Garrison Courtney (9:08:28 AM): Call me. Jack wants to meet you. He's going to take his family to see curt. Said if curt doesn't take action he will lend, but will want to be board chairman when he leaves Caci in December. We need to coordinate through his scheduler
By now, K.B. said, he knew none of this was the slightest bit true and confronted Courtney. “I told him, ‘You're a liar, you're a fraud, and you're busted. I went to the [Fairfax, VA] police, and gave them all the emails and documents and everything I had.”
‘THIS GUY IS BAD NEWS’
K.B. waited patiently for a call from investigators, but it never came. He said the cops, who did not respond to a request for comment, decided that since he had not actually lost any money, they would not refer the case to prosecutors. But K.B. felt he still had a duty to report Courtney’s behavior to the government.
Aware that Courtney still held a security clearance, K.B. sent an urgent email to the facility security officer at Defense Group Inc. (DGI), a data analytics contractor that supports operations by the FBI and the Defense Department, where Courtney’s and his company now had a contract.
“My concerns are that if he will lie and potentially defraud my company, what would he do with access to classified information,” K.B. wrote. DGI’s security chief promised to look into it, but he never heard from them again. (The security officer K.B. contacted has since died and DGI’s new owner did not respond to a request for comment.)
K.B. also emailed the Pentagon’s inspector general, flagging Courtney’s “unethical” and “erratic” behavior and access to classified information. He said his alert was met with silence.
About a year and a half later, while doing research for a contract, K.B. was scrolling through his contacts on LinkedIn and noticed that Courtney was now working for Blue Canopy. He immediately emailed Mike Lee, the retired general, who was a senior executive there; they volunteered at the same organization and knew each other in passing.
“General Lee, I hope all is well with you,” K.B. wrote. “It recently came to my attention that you have recently hired a former employee of mine. I would like to give you a bit of background on him because he potentially can wreak havoc on your company and reputation. Do you have some time to chat?”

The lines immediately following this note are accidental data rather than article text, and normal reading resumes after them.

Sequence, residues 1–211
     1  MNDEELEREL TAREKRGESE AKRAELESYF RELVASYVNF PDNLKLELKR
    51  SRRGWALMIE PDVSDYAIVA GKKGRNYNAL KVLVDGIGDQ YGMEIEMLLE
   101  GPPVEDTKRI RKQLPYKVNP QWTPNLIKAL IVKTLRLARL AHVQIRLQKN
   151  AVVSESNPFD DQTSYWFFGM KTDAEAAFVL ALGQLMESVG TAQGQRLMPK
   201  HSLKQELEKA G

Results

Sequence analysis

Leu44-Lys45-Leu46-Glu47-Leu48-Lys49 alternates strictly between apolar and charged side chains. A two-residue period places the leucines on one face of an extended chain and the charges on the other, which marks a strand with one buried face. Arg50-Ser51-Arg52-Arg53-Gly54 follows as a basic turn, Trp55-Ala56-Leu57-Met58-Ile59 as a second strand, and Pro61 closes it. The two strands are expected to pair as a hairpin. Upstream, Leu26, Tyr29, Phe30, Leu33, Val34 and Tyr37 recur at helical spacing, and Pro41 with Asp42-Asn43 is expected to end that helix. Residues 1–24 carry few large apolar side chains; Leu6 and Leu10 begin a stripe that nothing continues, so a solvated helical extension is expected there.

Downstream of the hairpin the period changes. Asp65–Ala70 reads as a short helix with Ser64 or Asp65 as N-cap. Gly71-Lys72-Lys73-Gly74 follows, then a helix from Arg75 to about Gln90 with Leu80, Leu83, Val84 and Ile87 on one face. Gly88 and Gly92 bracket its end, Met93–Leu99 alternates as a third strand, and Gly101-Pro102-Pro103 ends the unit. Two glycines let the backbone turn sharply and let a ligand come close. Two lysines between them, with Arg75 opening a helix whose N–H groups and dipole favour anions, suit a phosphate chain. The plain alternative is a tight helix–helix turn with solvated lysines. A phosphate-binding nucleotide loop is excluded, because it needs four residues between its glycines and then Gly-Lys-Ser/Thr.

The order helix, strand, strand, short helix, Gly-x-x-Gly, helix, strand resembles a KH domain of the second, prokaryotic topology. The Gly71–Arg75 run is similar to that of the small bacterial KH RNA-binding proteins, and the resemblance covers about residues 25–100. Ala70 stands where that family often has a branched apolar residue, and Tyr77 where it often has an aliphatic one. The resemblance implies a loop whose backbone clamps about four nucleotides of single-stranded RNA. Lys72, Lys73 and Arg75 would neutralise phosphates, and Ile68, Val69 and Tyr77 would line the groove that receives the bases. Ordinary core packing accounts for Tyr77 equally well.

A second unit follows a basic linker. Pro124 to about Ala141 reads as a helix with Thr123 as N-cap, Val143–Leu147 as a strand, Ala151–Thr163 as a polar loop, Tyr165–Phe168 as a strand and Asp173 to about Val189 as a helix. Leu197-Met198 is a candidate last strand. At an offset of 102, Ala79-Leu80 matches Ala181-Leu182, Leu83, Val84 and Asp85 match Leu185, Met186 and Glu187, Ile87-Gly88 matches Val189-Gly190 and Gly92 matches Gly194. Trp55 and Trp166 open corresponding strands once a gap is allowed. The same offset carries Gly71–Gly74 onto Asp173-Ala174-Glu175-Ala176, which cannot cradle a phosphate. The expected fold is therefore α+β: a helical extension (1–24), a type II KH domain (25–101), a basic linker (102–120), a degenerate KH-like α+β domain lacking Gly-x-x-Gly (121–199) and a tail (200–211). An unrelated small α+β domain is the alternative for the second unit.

The two spoke by phone, and K.B. said Lee asked him to send any documentation about Courtney’s activities.
The following week, Lee wrote back and said Blue Canopy was treating the matter “with the utmost seriousness,” but pushed back on the allegations. The general insisted that he and his partners had spoken to Courtney, and they had come to a vastly different conclusion. Lee then questioned K.B.’s motives for sounding the alarm, and inaccurately suggested K.B. might even have broken a state shield law by sharing his concern about a former employee with a new employer. “This contact potentially presents us and you, with a significant liability,” Lee wrote.
K.B. was stunned by the response.
Lee was highly respected within the military community, had been a leader at the National Geospatial-Intelligence Agency, and had earned the National Intelligence Medal of Achievement, the Defense Superior Service Medal, and a Bronze Star. K.B. fired off an email to him explaining his only agenda was protecting national security—an obligation for anyone with a security clearance.
“I shared information with you based on [Courtney’s] work in the Intelligence Community and the potential for exploitation and compromise by an employee,” K.B. wrote. “You said you wanted the information disclosed to you... What you do with it is up to you.”
“You even told me he had TOP SECRET documents in his notebook,” K.B. added. “In the age of Snowden, we have an obligation to err on the side of caution. What you do with that information is up to you and your security team. The other similarities between my story and your story are too eerie to be coincidence… I hope I am wrong.”
Lee—who appears to match the description of “Public Official F” in Courtney’s charging documents—did not respond to multiple requests for comment.
“I told law enforcement and anybody that I could, ‘This guy is bad news,’ and nobody believed me,” K.B told The Daily Beast. “All the flags were raised... I did everything that could've ever been expected and the system failed.”
‘STILL KEEPS ME UP AT NIGHT’
On his personal website, Courtney billed himself as a marketing guru helping “people and companies build their personal and professional brand!” Meanwhile, his own life was falling apart.
He had gotten divorced, and later had a second child with another woman. He had once confided in K.B. about his dissatisfaction with the way things had turned out.
Garrison Courtney (6:20:14 PM): It's incredibly frustrating to have two kids with two women and not be married. I feel like a huge loser and never envisioned this is where I would be. Sorry. Just venting. Sometimes I need to or I bottle it up and I apologize of it bothers you that I'm unloading. Just trust and respect you which is as close to a friend as I have right now
His finances were also unraveling. He defaulted on his mortgage and his car loan, and was evicted from his home for not paying rent, according to public records. In March 2014, he filed for bankruptcy; the records show he owed creditors $697,157 while claiming personal assets of just $4,823, about $400 of which was cash.